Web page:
SA has lost a revered leader in King Zwelithini - Ramaphosa

Ramaphosa delivered the eulogy following the king's interment in KwaNongoma in KwaZulu-Natal on Thursday.

President Cyril Ramaphosa speaks during the memorial service of King Goodwill Zwelithini at the KwaKhethomthandayo royal palace in Nongoma, South Africa, on 18 March 2021. Picture: Phill Magakoe/AFP

JOHANNESBURG - President Cyril Ramaphosa said that the passing of amaZulu King Goodwill Zwelithini had been met with grief and sorrow, not only by the Zulu people but by the entire nation.

Ramaphosa delivered the eulogy following the king's interment in KwaNongoma in KwaZulu-Natal on Thursday.

He said that the country has lost a revered leader.

"The significance of his long reign and his legacy is not lost on us. History will recall that after many years of conflict and turmoil, it was in the course of his majesty's reign that the Zulu kingdom achieved stability and harmony that had so long eluded it."

READ: President Ramaphosa’s eulogy to King Zwelithini: A huge tree has fallen

Ramaphosa said that the king played a significant role in the achievement of democracy during the tumultuous period of political transition in South Africa.

"Working together with a number of other leaders and especially former President Jacob Zuma, they worked to ensure together that there is peace in this province."

The president also said that he would remember King Zwelithini for leading from the front in the fight against HIV/Aids and tuberculosis.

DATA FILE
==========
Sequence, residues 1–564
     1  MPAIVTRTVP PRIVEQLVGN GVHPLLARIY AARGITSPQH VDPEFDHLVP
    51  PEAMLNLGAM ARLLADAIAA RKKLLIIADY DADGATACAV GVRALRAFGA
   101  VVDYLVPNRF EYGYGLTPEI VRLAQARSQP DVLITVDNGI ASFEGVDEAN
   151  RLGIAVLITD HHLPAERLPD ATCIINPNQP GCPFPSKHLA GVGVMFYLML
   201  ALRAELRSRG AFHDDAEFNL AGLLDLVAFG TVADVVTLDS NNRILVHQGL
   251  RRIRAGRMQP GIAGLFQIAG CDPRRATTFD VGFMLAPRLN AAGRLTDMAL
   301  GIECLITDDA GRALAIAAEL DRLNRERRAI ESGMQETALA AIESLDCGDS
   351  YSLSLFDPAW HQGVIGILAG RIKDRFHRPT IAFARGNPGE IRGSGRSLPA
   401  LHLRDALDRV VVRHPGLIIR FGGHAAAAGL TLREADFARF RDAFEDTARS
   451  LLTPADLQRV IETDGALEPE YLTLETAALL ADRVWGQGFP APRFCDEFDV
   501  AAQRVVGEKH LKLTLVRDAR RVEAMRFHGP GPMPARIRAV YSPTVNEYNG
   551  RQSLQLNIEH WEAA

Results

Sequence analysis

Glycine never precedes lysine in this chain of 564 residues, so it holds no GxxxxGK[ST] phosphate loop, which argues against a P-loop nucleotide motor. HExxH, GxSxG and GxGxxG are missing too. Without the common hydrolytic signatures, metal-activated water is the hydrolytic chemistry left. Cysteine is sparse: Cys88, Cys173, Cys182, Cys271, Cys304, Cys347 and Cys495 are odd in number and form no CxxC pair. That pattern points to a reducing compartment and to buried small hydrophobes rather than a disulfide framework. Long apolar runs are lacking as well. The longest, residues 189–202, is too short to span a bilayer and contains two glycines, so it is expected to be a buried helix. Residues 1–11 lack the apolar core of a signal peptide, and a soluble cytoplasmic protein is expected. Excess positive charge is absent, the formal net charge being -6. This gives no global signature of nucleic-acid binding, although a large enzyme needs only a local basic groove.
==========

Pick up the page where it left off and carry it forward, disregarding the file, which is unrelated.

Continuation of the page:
The amaZulu king was often criticised for hosting the custom "umhlanga" or reed dance, an annual event attended by tens of thousands of unmarried young women, to ensure their virginity.

Ramaphosa said that the king advocated for better health outcomes among his people.

"He founded the Bayete Trust, which has worked to mitigate the impact of HIV and Aids throughout the province. He encouraged responsible behaviour, especially among young people. He challenged the international community to avail more funding against the Aids pandemic and he also challenged the South African government to provide treatment to our people."

Dignitaries have descended on the royal palace to pay their final respects to the Zulu monarch following a private ceremony only attended by close male relatives during the early hours of the morning.

WATCH: Ramaphosa: King Zwelithini kaBhekuzulu remembered for helping bring stability to KZN

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